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County targets human trafficking: U.S. Rep. Jackie Speier, others unveil new protocol
March 18, 2014, 05:00 AM By Michelle Durand Daily Journal

Michelle Durand/Daily Journal
U.S. Rep. Jackie Speier,D-San Mateo, joined a wide swath of law enforcement and officials Monday to announce a new San Mateo County protocol to combat human trafficking.

A girl known as M.C. told U.S. Rep. Jackie Speier her pimp made $1,500 a night driving her from state to state selling her body. Once, she rode to Las Vegas in the trunk of her car.

It began when she was only 11, according to the published open letter Speier saw in the newspaper by M.C. and another human trafficking victim asking Craigslist to remove their adult services ads

“I couldn’t believe what I was reading,” said Speier whose desire to act was compounded by personally meeting another girl who said she had sex with as many as 14 men for her boyfriend-turned-pimp.

“I shivered at the thought that was going on to her or any young person in this country,” said Speier, D-San Mateo.

Speier joined a wide swath of law enforcement and officials Monday to announce a new San Mateo County protocol to combat human trafficking. The protocol grew out of the county’s 2011 Zero Tolerance Initiative and establishes concrete guidelines and standards for officers, dispatchers and other investigators and first responders so that there isn’t any question of how to handle victim calls or where to take them, said South San Francisco Police Chief Mike Massoni.

Human trafficking cases are particularly challenging to address because they take many forms, often are cloaked amid prostitution and pimping cases and the victims may not be immediately recognized as such. Specifically, the new protocol specifies that 911 dispatchers give a human trafficking call the same priority as other life-threatening incidents and directs officers to arrest suspected traffickers as felony cases and not be influenced by the alleged victim’s citizenship. Other aspects are instructing officers to arrange immediate medical treatment and transport, conduct training and handle child victims in non-leading, non-suggestive ways.

Just Monday, South San Francisco police announced a prostitution sting at an East Grand Avenue hotel on March 16 resulted in the arrest of 24-year-old Michael Pierce, of Citrus Heights. Pierce was not at the hotel where officers found a 17-year-old female and 18-year-old female who had posted escort ads online but was linked by the evidence to the sex operation. He was later found during a traffic stop trying to leave and charged with human trafficking, pimping an pandering charges. Investigators said Pierce befriended females on social networking sites and convinced them to prostitute themselves for his financial benefit. The minor was found to be a missing girl out of Santa Clara County who had walked away from a children’s shelter.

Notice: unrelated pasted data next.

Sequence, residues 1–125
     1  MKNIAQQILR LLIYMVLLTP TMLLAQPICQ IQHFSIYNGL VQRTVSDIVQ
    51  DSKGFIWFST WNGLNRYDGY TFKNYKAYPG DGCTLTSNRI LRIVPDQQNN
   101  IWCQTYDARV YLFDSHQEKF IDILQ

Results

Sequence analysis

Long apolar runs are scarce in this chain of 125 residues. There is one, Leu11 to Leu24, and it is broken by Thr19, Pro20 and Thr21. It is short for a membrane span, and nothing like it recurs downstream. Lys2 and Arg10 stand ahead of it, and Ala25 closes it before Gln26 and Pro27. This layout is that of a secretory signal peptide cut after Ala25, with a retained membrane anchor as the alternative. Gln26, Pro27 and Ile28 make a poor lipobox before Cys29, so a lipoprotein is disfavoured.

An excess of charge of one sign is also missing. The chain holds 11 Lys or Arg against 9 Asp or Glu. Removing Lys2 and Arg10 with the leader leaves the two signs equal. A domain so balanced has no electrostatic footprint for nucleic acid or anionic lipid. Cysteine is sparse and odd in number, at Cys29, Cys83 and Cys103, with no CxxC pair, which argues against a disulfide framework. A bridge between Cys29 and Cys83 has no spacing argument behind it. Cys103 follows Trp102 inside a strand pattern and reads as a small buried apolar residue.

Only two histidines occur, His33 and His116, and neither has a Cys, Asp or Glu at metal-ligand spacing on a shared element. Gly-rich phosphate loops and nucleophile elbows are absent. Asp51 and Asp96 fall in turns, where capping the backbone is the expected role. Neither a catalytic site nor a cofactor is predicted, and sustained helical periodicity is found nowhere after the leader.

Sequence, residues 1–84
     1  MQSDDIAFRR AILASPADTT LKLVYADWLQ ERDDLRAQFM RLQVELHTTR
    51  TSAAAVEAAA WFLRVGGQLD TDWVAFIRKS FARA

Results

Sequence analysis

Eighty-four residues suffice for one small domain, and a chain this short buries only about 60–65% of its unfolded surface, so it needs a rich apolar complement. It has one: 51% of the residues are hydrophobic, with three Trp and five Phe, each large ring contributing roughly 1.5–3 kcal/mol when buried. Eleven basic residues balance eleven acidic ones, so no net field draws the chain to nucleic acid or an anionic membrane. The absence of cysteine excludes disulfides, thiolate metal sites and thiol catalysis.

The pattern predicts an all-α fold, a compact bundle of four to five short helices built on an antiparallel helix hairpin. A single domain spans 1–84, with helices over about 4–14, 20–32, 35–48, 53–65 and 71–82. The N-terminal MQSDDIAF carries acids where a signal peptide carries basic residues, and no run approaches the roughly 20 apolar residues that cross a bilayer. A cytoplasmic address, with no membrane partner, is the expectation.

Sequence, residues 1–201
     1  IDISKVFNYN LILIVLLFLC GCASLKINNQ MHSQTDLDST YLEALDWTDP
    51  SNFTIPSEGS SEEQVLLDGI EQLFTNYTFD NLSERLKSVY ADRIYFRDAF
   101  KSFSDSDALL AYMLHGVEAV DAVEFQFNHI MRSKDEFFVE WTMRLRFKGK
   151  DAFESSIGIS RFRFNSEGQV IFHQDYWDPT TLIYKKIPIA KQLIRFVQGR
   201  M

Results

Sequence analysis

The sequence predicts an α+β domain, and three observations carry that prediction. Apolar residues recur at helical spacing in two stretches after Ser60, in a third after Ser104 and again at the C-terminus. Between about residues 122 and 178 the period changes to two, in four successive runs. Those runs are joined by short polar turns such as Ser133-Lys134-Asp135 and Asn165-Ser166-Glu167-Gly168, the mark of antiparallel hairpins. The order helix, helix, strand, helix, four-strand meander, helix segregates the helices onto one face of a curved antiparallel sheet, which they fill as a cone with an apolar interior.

The battle to curb human trafficking has stepped up in recent years. California passed a law strengthening the punishment of those convicted of the crime and, in February, San Mateo County joined others statewide enacting a state law requiring informational posters in several establishments including airports, train stations, truck stops, emergency rooms and urgent care centers, farm labor contractors, massage parlors and adult stores. The multi-language fliers include information about trafficking and a hotline for the National Human Trafficking Resource Center and the California Coalition to Abolish Slavery and Trafficking.

Trainings have also been held locally for hospitality workers and personnel at San Francisco International Airport.

The Peninsula is particularly susceptible to human trafficking because of SFO, the surrounding hotels and the abundance of conventions, Speier said.

Training of SFO personnel and hospitality workers were held in past years specifically for that reason — they are often the first to encounter victims.

Nationwide, an estimated 100,000 to 300,000 domestic minors are trafficked annually, according to data from Speier’s office.

Specific county figures weren’t shared but Speier, Massoni and the others said the protocol’s goal is making the area less attractive.

“This county is not a place that welcomes sex traffickers,” Speier said.

While the assembled group shared what made San Mateo County unique for traffickers, they also lauded the efforts and resources that make it unique for recovery.

Freedom House, a Burlingame transitional housing facility for up to 14 total adult and child victims at a time, is one of only a handful such places in the nation and founder Jaida Im said she has yet to receive any government funding. But if the money was available she could open a dozen such houses, the need is that great, she added.

While the term “human trafficking” often brings to mind young men and women being sexually exploited, Massoni said the crime also includes indentured servitude which is just as critical to address and just as challenging because it, too, happens behind closed doors.

A key component is enlisting the public’s help.

“If you see something, say something,” said Brian Stretch of the U.S. Attorney’s Office.

(650) 344-5200 ext. 102



Tags: trafficking, human, speier, county, officers, mateo,

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